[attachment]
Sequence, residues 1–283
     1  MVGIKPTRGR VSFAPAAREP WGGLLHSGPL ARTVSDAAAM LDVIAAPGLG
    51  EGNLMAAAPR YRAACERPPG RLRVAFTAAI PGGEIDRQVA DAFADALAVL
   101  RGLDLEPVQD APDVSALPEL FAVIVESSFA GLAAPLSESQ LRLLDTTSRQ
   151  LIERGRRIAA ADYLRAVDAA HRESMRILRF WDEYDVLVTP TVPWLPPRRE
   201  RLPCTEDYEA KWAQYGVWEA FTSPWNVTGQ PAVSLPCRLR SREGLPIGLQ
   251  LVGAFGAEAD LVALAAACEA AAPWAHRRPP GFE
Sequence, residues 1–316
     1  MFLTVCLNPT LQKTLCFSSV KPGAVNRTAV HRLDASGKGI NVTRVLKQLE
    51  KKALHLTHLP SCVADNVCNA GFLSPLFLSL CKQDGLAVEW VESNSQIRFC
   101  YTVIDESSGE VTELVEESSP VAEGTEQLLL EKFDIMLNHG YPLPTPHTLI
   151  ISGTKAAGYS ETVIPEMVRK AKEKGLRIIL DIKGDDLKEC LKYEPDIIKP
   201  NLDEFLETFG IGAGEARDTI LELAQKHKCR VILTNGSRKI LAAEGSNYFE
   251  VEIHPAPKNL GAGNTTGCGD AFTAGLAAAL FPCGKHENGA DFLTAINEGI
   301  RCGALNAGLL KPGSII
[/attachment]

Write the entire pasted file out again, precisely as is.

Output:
Sequence, residues 1–283
     1  MVGIKPTRGR VSFAPAAREP WGGLLHSGPL ARTVSDAAAM LDVIAAPGLG
    51  EGNLMAAAPR YRAACERPPG RLRVAFTAAI PGGEIDRQVA DAFADALAVL
   101  RGLDLEPVQD APDVSALPEL FAVIVESSFA GLAAPLSESQ LRLLDTTSRQ
   151  LIERGRRIAA ADYLRAVDAA HRESMRILRF WDEYDVLVTP TVPWLPPRRE
   201  RLPCTEDYEA KWAQYGVWEA FTSPWNVTGQ PAVSLPCRLR SREGLPIGLQ
   251  LVGAFGAEAD LVALAAACEA AAPWAHRRPP GFE
Sequence, residues 1–316
     1  MFLTVCLNPT LQKTLCFSSV KPGAVNRTAV HRLDASGKGI NVTRVLKQLE
    51  KKALHLTHLP SCVADNVCNA GFLSPLFLSL CKQDGLAVEW VESNSQIRFC
   101  YTVIDESSGE VTELVEESSP VAEGTEQLLL EKFDIMLNHG YPLPTPHTLI
   151  ISGTKAAGYS ETVIPEMVRK AKEKGLRIIL DIKGDDLKEC LKYEPDIIKP
   201  NLDEFLETFG IGAGEARDTI LELAQKHKCR VILTNGSRKI LAAEGSNYFE
   251  VEIHPAPKNL GAGNTTGCGD AFTAGLAAAL FPCGKHENGA DFLTAINEGI
   301  RCGALNAGLL KPGSII